If you’re developing a close relationship with your tissue box or experiencing headaches, eye irritation, difficulty breathing or concentrating, nausea or dizziness while in your office or residential building, then you might be suffering from Sick Building Syndrome or SBS.

What is Sick Building Syndrome?

Sick Building Syndrome is defined as “situations in which building occupants experience acute health and comfort effects that appear to be linked to time spent in a building, but no specific illness or cause can be identified. The complaints may be localized in a particular room or zone or may be widespread throughout the building” (MecidineNet).

When a building isn’t maintained or if there are flaws in the original construction design that aren’t properly treated, problems with indoor air quality arise, resulting in long-term IAQ (indoor air quality) issues as well as complaints from tenants. According to a 1984 WHO (World Health Organization) Committee report, a suggested “30% of new and remodeled buildings worldwide may be the subject of excessive complaints related to IAQ.

Interestingly enough, SBS can be diagnosed by how rapidly SBS symptoms disappear providing a direct correlation with the building contaminants. Another indication of SBS as the source of acute health issues are from multiple co-workers or co-tenants experiencing same problems or having those issues go away over the weekend.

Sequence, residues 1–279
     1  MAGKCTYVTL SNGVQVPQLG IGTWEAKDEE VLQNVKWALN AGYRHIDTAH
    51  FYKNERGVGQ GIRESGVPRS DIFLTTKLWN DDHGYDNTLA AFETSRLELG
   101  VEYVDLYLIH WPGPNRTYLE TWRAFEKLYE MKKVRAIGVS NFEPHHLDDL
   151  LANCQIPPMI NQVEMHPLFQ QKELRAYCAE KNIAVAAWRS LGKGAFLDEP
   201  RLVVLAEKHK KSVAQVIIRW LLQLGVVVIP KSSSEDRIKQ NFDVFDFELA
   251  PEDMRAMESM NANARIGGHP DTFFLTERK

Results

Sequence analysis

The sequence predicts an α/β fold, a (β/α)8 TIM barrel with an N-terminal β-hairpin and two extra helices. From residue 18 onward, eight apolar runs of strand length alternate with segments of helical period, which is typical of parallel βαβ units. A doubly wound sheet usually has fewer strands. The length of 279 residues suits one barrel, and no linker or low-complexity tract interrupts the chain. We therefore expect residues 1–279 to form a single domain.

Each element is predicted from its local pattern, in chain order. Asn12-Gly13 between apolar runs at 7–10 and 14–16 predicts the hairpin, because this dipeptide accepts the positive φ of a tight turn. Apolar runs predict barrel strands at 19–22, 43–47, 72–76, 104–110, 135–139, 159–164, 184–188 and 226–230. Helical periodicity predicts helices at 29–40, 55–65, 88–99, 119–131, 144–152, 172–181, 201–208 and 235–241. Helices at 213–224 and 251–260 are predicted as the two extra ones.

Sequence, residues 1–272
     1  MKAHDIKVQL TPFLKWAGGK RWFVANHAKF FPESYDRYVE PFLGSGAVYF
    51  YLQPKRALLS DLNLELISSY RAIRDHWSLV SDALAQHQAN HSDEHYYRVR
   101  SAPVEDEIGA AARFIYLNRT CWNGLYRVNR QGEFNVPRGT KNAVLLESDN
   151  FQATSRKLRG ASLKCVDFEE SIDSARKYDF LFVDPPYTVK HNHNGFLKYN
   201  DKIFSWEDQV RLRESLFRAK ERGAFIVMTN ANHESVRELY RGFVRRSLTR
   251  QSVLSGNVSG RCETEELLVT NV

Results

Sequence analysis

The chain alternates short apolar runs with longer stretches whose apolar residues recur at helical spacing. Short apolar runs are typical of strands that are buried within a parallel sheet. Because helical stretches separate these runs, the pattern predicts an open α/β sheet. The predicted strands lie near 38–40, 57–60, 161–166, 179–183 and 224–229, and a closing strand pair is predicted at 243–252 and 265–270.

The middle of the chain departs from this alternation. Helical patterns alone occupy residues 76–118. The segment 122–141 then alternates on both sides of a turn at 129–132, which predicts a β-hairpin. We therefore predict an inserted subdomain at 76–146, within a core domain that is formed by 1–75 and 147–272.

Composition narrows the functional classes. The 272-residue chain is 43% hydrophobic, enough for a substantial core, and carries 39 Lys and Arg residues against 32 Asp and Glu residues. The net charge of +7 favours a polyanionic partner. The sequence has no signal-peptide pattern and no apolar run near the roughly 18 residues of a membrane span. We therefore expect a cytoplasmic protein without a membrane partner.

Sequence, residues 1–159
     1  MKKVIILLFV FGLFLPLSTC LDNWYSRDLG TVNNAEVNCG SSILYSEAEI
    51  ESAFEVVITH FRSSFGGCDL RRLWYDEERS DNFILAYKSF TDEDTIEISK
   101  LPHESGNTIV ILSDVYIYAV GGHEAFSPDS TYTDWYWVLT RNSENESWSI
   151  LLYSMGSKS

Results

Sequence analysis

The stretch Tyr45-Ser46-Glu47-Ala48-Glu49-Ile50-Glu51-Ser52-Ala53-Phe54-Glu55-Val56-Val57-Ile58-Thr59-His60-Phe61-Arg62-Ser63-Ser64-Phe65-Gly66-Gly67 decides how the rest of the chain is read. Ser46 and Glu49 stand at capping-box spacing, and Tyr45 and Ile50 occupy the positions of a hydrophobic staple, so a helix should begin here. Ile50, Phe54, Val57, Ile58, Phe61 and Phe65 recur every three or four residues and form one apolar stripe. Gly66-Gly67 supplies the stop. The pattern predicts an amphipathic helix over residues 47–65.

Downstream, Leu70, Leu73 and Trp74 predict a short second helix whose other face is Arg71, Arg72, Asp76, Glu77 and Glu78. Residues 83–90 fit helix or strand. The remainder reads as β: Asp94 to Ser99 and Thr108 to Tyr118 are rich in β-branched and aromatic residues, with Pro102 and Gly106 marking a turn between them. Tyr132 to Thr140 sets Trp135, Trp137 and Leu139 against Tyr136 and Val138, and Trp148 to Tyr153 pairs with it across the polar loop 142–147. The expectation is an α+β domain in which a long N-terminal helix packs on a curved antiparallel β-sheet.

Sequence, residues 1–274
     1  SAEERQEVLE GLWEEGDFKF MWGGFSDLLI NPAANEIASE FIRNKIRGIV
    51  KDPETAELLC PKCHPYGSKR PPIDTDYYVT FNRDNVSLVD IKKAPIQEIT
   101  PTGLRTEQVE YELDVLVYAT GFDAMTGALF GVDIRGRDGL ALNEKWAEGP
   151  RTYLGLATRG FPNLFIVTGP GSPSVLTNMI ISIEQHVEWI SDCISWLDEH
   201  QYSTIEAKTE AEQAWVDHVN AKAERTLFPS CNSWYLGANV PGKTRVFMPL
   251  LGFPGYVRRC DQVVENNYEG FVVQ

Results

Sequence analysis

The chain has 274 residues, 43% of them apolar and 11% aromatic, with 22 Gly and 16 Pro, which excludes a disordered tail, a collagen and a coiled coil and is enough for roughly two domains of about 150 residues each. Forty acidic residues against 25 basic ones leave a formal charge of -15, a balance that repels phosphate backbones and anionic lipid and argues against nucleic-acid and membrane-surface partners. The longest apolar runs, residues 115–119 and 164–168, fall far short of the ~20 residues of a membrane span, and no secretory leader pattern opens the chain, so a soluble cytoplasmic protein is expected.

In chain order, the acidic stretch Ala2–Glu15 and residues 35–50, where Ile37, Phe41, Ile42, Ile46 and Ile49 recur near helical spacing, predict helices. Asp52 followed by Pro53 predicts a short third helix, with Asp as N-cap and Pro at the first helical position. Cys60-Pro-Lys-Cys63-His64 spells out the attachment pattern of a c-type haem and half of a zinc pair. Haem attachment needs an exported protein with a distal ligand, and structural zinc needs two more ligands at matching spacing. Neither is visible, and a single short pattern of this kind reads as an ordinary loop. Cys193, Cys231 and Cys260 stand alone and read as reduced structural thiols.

Causes of Sick Building Syndrome

  1. Outdoor and Indoor Chemical Contaminants: like motor vehicle exhaust, plumbing vents, building exhaust pollutants, and VOC’s (Volatile Organic Compounds from upholstery, carpeting, copy machines, etc):
  2. Biological Contaminants: These include molds or bacteria that have been caught in humidifies or drainpipes or water that has been collecting (i.e: from tiles, carpets, insulation).
  3. Inadequate Ventilation and Poor Lighting: If there is a very high number of occupants in the building airborne diseases will be spread and with AC systems, there is a higher regeneration of bacteria that also a or pathogens spreading more rapidly.
  4. Electromagnetic Radiation: from microwaves, TVs, and computers.
  5. Psychological Factors: “Excessive work stress or dissatisfaction, poor interpersonal relationships, and poor communication are often seen to be associated with SBS” (Joshi). Not everyone will experience the same results, however, stress is more closely associated with people who are affected by SBS.

Here’s what OSHA has to say about the causes of SBS!

 Combat Your SBS Symptoms For Good!

Improve The Air Ventilation Quality and Distribution

This means that there may have to be an update in the design of HVAC systems or regular maintenance of HVAC systems, or openings windows if outdoor contaminants are not an issue.


LEED Certification provides a framework for optimized “green” building performance from construction to operations that conserves energy and improves tenant health reducing SBS symptoms.

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Joshi, Sumedha M. “The Sick Building Syndrome.” Indian Journal of Occupational and Environmental Medicine 12.2 (2008): 61–64. PMC. Web. 3 Apr. 2018.

“Indoor Air Facts No. 4 (revised) Sick Building Syndrome.” United States Air and Radiation Research and Development Environmental Protection (MD-56) Agency. Web. Feb. 1991.

“Medical Definition of Sick Building Syndrome.” MedicineNet.com. Web. 13 May. 2016. <https://www.medicinenet.com/script/main/art.asp?articlekey=13142>